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Keeping it together: Semantic coherence stabilizes phonological sequences in short-term memory.
Mem Cognit 2018; 46(3):426-437MC

Abstract

Our ability to hold a sequence of speech sounds in mind, in the correct configuration, supports many aspects of communication, but the contribution of conceptual information to this basic phonological capacity remains controversial. Previous research has shown modest and inconsistent benefits of meaning on phonological stability in short-term memory, but these studies were based on sets of unrelated words. Using a novel design, we examined the immediate recall of sentence-like sequences with coherent meaning, alongside both standard word lists and mixed lists containing words and nonwords. We found, and replicated, substantial effects of coherent meaning on phoneme-level accuracy: The phonemes of both words and nonwords within conceptually coherent sequences were more likely to be produced together and in the correct order. Since nonwords do not exist as items in long-term memory, the semantic enhancement of phoneme-level recall for both item types cannot be explained by a lexically based item reconstruction process employed at the point of retrieval ("redintegration"). Instead, our data show, for naturalistic input, that when meaning emerges from the combination of words, the phonological traces that support language are reinforced by a semantic-binding process that has been largely overlooked by past short-term memory research.

Authors+Show Affiliations

School of Psychological & Social Sciences, York St John University, Lord Mayor's Walk, York, YO31 7EX, UK. n.savill@yorksj.ac.uk. Department of Psychology, University of York, York, UK. n.savill@yorksj.ac.uk.Department of Psychology, University of York, York, UK.Department of Psychology, University of York, York, UK.Department of Psychology, University of York, York, UK.Department of Psychology, University of York, York, UK.Department of Psychology, University of York, York, UK.Department of Psychology, University of York, York, UK.Department of Psychology, University of York, York, UK.Department of Psychology, University of York, York, UK.

Pub Type(s)

Journal Article

Language

eng

PubMed ID

29214551

Citation

Savill, Nicola, et al. "Keeping It Together: Semantic Coherence Stabilizes Phonological Sequences in Short-term Memory." Memory & Cognition, vol. 46, no. 3, 2018, pp. 426-437.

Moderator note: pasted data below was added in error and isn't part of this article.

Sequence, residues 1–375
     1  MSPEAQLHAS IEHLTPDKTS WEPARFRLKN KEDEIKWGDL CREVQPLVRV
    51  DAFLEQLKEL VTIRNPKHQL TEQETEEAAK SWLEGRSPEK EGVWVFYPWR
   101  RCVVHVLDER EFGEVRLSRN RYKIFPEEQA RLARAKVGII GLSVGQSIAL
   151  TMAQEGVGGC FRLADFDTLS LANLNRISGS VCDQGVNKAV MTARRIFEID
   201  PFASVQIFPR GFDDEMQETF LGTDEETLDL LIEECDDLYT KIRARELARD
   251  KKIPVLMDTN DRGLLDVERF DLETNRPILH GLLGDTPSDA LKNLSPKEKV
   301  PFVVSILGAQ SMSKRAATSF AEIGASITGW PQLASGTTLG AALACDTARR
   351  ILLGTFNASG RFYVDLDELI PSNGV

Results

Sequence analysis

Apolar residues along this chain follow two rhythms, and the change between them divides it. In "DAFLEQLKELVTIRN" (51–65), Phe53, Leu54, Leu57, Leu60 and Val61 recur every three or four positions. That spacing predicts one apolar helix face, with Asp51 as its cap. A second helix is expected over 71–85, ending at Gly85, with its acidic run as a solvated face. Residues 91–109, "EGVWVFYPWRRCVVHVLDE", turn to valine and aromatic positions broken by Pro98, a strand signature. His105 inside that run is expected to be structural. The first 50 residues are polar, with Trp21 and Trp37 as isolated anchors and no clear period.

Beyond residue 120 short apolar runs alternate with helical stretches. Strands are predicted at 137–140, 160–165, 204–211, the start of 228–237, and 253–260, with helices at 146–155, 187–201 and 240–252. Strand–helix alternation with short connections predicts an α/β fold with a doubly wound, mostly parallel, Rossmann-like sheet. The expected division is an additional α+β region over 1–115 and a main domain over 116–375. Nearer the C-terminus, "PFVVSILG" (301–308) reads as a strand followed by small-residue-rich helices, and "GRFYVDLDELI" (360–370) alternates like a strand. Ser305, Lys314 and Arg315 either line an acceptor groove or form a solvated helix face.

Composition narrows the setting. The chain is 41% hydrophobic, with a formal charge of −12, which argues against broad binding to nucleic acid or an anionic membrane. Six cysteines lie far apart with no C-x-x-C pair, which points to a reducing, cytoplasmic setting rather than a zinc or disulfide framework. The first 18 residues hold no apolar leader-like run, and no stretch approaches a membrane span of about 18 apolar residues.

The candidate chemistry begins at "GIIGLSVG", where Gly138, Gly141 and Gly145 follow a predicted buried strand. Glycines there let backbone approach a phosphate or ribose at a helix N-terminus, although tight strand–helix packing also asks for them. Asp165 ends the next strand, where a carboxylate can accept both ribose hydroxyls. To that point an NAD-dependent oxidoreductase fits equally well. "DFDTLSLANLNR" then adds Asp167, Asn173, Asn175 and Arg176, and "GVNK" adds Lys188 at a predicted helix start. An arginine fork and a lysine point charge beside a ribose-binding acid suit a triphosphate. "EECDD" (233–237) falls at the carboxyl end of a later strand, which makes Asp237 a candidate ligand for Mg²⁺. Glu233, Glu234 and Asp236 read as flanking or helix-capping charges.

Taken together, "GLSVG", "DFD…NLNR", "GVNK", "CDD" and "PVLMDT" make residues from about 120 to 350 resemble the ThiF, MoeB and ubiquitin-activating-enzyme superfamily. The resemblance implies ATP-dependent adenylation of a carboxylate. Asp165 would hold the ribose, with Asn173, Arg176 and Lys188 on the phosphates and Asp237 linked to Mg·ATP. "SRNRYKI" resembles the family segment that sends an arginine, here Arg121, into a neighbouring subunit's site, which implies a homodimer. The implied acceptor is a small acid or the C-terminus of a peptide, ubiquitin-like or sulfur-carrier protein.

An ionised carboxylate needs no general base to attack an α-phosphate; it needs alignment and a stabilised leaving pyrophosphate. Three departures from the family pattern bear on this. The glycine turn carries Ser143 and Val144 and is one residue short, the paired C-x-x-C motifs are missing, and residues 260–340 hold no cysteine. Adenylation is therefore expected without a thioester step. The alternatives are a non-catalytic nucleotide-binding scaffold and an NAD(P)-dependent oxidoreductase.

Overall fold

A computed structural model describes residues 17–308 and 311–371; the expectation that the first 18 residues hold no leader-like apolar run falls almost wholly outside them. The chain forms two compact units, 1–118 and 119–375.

Savill N, Ellis R, Brooke E, et al. Keeping it together: Semantic coherence stabilizes phonological sequences in short-term memory. Mem Cognit. 2018;46(3):426-437.
Savill, N., Ellis, R., Brooke, E., Koa, T., Ferguson, S., Rojas-Rodriguez, E., ... Jefferies, E. (2018). Keeping it together: Semantic coherence stabilizes phonological sequences in short-term memory. Memory & Cognition, 46(3), pp. 426-437. doi:10.3758/s13421-017-0775-3.
Savill N, et al. Keeping It Together: Semantic Coherence Stabilizes Phonological Sequences in Short-term Memory. Mem Cognit. 2018;46(3):426-437. PubMed PMID: 29214551.
* Article titles in AMA citation format should be in sentence-case
TY - JOUR T1 - Keeping it together: Semantic coherence stabilizes phonological sequences in short-term memory. AU - Savill,Nicola, AU - Ellis,Rachel, AU - Brooke,Emma, AU - Koa,Tiffany, AU - Ferguson,Suzie, AU - Rojas-Rodriguez,Elena, AU - Arnold,Dominic, AU - Smallwood,Jonathan, AU - Jefferies,Elizabeth, PY - 2017/12/8/pubmed PY - 2019/1/10/medline PY - 2017/12/8/entrez KW - Meaning KW - Phonological binding KW - Semantic coherence KW - Speech KW - Verbal short-term memory SP - 426 EP - 437 JF - Memory & cognition JO - Mem Cognit VL - 46 IS - 3 N2 - Our ability to hold a sequence of speech sounds in mind, in the correct configuration, supports many aspects of communication, but the contribution of conceptual information to this basic phonological capacity remains controversial. Previous research has shown modest and inconsistent benefits of meaning on phonological stability in short-term memory, but these studies were based on sets of unrelated words. Using a novel design, we examined the immediate recall of sentence-like sequences with coherent meaning, alongside both standard word lists and mixed lists containing words and nonwords. We found, and replicated, substantial effects of coherent meaning on phoneme-level accuracy: The phonemes of both words and nonwords within conceptually coherent sequences were more likely to be produced together and in the correct order. Since nonwords do not exist as items in long-term memory, the semantic enhancement of phoneme-level recall for both item types cannot be explained by a lexically based item reconstruction process employed at the point of retrieval ("redintegration"). Instead, our data show, for naturalistic input, that when meaning emerges from the combination of words, the phonological traces that support language are reinforced by a semantic-binding process that has been largely overlooked by past short-term memory research. SN - 1532-5946 UR - https://www.unboundmedicine.com/medline/citation/29214551/Keeping_it_together:_Semantic_coherence_stabilizes_phonological_sequences_in_short-term_memory L2 - https://dx.doi.org/10.3758/s13421-017-0775-3 DB - PRIME DP - Unbound Medicine ER -